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08 Aug 2018

‘Cyclops’ is doing well, say uShaka staff

Shona Aylward (South Coast Herald) Picture: Cyclops safely at Dr Claire Norton's practice in Port Shepstone.

The lucky-to-be-alive penguin is recovering well and has already gained weight.

Cyclops, the one-eyed African penguin rescued at Stiebel Rocks in Umzumbe last Thursday, is responding well to treatment under the watchful eyes of uShaka Sea World staff.

Cyclops was spotted by Umzumbe resident, Graham Tilley, while he was cycling along the beach last Thursday. He contacted bird expert Andrew Pickles, who collected the bird and took it to Dr Claire Norton at the Bulwer Street Vet Hospital in Port Shepstone. Dr Norton then contacted uShaka Sea World members of the KZN Marine Stranding Network.

Cyclops, who was named after the Marvel comics superhero, was in a severely compromised condition when he arrived at uShaka Sea World. Not only was he dehydrated and markedly underweight, he had an injured left flipper and no left eye.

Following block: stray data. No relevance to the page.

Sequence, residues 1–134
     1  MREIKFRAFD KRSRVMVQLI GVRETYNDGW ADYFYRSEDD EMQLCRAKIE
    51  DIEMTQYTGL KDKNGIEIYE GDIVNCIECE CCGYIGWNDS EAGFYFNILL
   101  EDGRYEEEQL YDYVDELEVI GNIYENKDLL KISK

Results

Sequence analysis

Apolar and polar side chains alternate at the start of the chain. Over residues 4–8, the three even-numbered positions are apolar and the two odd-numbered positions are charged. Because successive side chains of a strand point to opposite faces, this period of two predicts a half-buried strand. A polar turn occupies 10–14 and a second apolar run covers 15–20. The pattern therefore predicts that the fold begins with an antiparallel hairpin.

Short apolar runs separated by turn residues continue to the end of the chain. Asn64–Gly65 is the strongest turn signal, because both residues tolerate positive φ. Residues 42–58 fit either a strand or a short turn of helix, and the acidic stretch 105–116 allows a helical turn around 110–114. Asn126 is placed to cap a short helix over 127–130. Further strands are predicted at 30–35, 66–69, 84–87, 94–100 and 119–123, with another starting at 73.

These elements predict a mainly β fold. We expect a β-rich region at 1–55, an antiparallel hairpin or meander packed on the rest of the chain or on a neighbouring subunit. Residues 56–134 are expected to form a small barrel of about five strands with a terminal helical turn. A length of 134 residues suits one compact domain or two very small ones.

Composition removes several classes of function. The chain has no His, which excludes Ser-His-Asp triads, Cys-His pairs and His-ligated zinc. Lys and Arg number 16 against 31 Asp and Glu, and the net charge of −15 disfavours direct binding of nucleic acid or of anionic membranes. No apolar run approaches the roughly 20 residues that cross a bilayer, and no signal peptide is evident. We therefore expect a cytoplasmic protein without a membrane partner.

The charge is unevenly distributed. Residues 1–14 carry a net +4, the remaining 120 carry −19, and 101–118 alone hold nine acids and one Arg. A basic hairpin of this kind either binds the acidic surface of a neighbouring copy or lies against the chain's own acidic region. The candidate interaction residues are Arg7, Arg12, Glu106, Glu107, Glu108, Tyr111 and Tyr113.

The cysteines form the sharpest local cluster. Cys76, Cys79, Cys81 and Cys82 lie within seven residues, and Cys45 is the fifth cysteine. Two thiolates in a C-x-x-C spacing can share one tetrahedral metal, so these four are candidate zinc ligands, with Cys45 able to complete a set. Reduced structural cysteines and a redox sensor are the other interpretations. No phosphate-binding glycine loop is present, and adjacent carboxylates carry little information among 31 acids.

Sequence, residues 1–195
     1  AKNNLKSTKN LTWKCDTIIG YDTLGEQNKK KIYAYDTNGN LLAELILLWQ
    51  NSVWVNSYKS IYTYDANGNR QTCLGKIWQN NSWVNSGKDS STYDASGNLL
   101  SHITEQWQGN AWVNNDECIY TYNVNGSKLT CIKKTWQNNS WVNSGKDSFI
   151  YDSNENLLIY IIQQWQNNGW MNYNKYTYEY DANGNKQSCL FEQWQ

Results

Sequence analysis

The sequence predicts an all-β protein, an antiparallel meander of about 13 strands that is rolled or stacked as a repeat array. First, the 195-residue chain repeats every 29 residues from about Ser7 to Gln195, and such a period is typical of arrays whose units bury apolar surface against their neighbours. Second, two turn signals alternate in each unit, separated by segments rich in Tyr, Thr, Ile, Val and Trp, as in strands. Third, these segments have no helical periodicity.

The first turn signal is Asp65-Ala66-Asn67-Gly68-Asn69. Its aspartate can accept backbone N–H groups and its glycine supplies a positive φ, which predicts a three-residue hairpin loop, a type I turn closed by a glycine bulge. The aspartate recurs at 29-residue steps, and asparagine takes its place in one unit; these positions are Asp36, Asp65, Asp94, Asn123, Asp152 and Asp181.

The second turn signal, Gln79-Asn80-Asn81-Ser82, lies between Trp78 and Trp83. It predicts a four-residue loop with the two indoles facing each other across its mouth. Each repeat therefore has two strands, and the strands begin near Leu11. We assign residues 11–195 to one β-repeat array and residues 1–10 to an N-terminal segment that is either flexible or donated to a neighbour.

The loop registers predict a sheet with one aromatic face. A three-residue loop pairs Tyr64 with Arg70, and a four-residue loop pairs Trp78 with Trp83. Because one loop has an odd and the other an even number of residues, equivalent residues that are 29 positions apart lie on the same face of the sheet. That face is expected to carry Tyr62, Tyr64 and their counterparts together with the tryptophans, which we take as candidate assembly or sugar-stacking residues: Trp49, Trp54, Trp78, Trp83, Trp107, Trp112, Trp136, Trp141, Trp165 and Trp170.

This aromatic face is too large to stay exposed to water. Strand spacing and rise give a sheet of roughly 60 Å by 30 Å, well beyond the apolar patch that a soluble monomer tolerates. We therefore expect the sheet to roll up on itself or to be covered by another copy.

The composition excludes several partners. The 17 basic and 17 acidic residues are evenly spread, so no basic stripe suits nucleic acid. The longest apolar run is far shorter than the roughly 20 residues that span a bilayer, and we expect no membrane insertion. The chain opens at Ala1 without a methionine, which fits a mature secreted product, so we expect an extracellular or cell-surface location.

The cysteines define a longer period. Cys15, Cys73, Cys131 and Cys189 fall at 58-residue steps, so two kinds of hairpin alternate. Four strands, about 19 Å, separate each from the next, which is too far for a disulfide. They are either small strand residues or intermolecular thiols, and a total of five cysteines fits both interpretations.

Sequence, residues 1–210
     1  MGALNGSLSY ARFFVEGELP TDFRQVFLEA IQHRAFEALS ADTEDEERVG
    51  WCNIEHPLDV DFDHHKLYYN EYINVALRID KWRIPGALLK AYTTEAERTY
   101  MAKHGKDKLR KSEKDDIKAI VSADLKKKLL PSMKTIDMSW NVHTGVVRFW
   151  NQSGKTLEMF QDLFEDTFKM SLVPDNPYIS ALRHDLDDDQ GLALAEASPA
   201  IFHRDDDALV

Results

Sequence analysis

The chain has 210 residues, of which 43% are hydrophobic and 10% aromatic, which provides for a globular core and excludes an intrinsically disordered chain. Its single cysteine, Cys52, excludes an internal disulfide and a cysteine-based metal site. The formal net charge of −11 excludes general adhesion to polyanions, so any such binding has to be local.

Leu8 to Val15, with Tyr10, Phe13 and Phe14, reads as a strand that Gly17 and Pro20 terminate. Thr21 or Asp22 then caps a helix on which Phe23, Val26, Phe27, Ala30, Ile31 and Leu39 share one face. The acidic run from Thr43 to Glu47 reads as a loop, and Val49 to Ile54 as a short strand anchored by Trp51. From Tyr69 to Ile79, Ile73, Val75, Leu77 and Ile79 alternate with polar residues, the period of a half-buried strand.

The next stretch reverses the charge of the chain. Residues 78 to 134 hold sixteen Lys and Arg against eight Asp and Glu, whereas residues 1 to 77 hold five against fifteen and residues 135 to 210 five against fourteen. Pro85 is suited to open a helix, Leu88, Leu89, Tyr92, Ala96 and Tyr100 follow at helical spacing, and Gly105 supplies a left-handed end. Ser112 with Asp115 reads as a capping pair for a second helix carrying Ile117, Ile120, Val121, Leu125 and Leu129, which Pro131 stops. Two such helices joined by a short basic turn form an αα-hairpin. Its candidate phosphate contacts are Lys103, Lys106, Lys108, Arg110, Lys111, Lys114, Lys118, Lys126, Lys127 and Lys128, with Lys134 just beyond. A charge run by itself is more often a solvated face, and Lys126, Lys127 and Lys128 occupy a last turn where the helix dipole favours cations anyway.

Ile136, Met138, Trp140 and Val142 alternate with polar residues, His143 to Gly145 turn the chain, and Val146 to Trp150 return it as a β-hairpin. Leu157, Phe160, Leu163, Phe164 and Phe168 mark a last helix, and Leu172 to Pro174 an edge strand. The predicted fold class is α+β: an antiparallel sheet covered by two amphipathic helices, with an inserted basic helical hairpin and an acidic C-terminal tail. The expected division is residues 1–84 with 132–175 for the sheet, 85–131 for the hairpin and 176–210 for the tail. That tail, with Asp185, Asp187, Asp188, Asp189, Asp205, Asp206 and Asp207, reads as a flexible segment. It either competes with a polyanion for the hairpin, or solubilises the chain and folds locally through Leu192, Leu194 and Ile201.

Ann Kunz from the South African Association for Marine Biological Research said the animal health team immediately started rehydration therapy and observations. “It was thought that Cyclops, who is about four months old, could have been born with a visual defect or had suffered an eye injury when he was very young. The injury to his flipper on the other hand was a recent injury – possibly from the bite of a small shark,” she said.

“It must be very difficult for a young penguin with only one eye to try and compete with other penguins for food and to avoid predators skilfully.

This could have led to him being stranded on a beach thousands of kilometres from home, injured, dehydrated and malnourished.”

Cyclops spends his days resting in a temperature-controlled playpen in the hospital where he is constantly monitored and given fluids, food, antibiotics and vitamins.

“With all this pampering and care it is no wonder he has put on 0.8kg since he arrived five days ago. This is a lot for such a small bird who only weighed 1.2kg when he arrived,” said Ann.

uShaka Sea World staff are confident Cyclops will continue to respond well to treatment and will soon join the other penguins in the penguin rookery.